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Quantum computer component uses circuit technology

Researchers at MIT and Delft University of Technology have come up with a way to use standard integrated circuit technology to make a very basic component of a quantum computer.

While other efforts to create a quantum computer have focused on manipulating systems found in nature, this MIT approach, published in the August 13 issue of Science, is one of the first in which the device can be fabricated.

The discovery, led by Associate Professor of Mechanical Engineering Seth Lloyd, Visiting Professor Johan Mooij and Professor of Electrical Engineering Terry P. Orlando may make it possible to place large numbers of superconducting qubits (bits of information in the quantum realm) on a single chip, thereby moving a quantum computer one step closer to reality.

Because a quantum computer would be capable of power and efficiency far beyond that of any conceivable conventional computer, researchers are attacking from all angles the problems associated with building one.

Atoms trapped in small electromagnetic cavities, nuclear-magnetic resonance on large molecules and photons have all been put forth as possible bases for a quantum computer. Professors Lloyd, Orlando and their colleagues -- Professor of Physics Leonid Levitov, physics graduate student Lin Tian, visiting scientist Juan Mazo, Professor Mooij and Caspar van der Wal at Delft -- propose using superconducting circuits to store and manipulate information.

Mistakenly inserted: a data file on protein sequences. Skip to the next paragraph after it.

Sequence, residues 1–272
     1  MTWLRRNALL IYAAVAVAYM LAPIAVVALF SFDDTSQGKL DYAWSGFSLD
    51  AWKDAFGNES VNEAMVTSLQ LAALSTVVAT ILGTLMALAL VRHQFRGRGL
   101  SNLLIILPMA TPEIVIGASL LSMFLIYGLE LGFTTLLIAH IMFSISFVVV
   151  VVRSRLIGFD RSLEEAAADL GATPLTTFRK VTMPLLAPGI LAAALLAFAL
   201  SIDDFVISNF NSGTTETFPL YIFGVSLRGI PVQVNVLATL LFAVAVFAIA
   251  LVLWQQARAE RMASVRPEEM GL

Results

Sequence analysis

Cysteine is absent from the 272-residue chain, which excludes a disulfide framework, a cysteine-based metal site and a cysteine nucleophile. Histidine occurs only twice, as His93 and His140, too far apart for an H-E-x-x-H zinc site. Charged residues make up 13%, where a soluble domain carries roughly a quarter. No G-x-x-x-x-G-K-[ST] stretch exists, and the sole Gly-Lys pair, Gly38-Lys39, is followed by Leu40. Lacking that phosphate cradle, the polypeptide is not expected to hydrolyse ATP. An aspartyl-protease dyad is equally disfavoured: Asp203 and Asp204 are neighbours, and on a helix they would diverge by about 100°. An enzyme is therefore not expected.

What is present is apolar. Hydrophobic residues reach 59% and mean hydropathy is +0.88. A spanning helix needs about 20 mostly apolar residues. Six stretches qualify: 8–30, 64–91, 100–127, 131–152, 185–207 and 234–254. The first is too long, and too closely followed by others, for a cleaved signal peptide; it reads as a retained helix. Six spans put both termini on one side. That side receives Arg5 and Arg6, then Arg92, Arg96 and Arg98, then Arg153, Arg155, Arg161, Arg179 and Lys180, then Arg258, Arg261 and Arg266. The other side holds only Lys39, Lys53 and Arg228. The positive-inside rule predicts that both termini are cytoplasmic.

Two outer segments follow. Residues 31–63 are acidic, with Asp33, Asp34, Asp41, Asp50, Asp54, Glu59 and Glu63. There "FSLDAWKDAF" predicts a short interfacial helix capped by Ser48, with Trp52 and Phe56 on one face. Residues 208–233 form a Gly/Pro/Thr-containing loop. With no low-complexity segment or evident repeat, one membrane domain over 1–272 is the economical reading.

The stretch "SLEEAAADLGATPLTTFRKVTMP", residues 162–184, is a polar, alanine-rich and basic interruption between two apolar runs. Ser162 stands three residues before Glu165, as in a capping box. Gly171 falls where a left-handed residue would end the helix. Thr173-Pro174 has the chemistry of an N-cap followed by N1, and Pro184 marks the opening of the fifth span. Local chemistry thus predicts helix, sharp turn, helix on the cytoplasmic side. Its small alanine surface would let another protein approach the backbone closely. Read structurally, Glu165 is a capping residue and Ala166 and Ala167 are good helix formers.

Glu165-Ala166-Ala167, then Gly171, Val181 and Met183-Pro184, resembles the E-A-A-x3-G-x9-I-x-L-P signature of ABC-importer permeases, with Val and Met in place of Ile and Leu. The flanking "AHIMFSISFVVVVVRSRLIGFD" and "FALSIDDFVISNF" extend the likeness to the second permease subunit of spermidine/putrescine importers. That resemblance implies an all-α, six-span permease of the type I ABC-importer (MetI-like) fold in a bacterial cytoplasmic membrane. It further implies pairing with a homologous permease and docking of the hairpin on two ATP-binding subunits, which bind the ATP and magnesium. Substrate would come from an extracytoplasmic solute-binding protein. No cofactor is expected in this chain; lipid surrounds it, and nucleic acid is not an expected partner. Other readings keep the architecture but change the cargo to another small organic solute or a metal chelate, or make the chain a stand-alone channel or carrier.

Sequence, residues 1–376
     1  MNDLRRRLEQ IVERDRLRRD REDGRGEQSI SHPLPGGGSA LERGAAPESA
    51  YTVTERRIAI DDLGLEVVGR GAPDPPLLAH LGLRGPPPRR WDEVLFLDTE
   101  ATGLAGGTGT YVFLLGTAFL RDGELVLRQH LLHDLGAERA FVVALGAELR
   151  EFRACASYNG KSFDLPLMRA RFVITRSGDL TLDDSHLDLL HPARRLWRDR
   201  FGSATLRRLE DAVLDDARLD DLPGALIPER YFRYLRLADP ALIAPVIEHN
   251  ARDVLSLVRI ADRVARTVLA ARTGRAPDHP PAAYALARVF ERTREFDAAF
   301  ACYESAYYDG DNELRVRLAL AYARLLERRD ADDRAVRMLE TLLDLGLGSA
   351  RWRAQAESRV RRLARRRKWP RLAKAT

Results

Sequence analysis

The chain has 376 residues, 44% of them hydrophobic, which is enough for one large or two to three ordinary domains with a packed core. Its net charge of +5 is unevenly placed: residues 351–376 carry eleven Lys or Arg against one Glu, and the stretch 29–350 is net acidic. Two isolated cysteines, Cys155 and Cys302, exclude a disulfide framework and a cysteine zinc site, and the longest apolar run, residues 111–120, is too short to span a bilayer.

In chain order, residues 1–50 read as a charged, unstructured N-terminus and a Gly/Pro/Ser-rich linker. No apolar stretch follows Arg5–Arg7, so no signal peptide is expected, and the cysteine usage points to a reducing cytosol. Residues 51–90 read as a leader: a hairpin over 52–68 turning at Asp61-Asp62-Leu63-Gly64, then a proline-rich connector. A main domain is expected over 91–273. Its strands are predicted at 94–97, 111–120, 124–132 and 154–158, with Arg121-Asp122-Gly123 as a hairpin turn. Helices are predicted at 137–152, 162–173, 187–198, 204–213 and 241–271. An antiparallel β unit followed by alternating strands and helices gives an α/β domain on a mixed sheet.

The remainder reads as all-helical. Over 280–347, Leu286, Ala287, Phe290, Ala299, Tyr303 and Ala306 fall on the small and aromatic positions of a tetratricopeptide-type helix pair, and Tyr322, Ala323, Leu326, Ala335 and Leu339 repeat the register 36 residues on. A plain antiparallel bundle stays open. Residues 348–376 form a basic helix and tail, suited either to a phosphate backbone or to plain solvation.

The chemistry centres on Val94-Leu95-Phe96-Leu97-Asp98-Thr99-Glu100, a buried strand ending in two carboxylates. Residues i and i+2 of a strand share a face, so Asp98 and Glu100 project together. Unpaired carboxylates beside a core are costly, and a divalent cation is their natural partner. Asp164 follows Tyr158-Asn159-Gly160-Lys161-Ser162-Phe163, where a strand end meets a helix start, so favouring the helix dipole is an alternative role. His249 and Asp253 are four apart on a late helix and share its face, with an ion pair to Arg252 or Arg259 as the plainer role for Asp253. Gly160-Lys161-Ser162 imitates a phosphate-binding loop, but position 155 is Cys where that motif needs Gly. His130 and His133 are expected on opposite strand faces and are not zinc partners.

"Compared with other proposals for quantum computation, this one, if it can be realized, allows much greater flexibility in circuit design," Professor Lloyd said. "Rather than being stuck with what nature deals you, this kind of qubit allows quantum circuits to be designed in the same way you would design integrated circuits. With it, you have the ability to create your own 'designer' quantum computation system."


A superconductor is a metal that, when cooled to very low temperatures, shows no resistance to the flow of electrical current. Electrical current can flow forever in a loop made of a superconducting wire.

Professor Orlando said that one example of such a "persistent current" is in the electromagnets used in magnetic resonance imaging (MRI). MRI machines are made of large coils of superconducting wire.

By making the coil or loop very small -- only the diameter of a human hair -- the researchers have proposed that these circulating currents will obey the laws of quantum mechanics.


Researchers in what Professor Lloyd calls the emerging field of "quantum mechanical engineering" are facing the same problems engineers have faced for a long time, but they are forced to rethink them for the tiny quantum scale.

The physics theory called quantum mechanics is based on the observed features of subatomic particles. One of these features is spin, or angular momentum.

Similar to a compass, spins align in a magnetic field to be either up or down. This is the equivalent of the conventional computer's "on" and "off" states, represented by ones and zeroes. Currents flowing in one direction and the opposite direction have often been proposed as the zero and one states, called bits, that are needed for computation and communications in a quantum computer. Orlando's team is the first to suggest the use of these persistent currents as qubit states.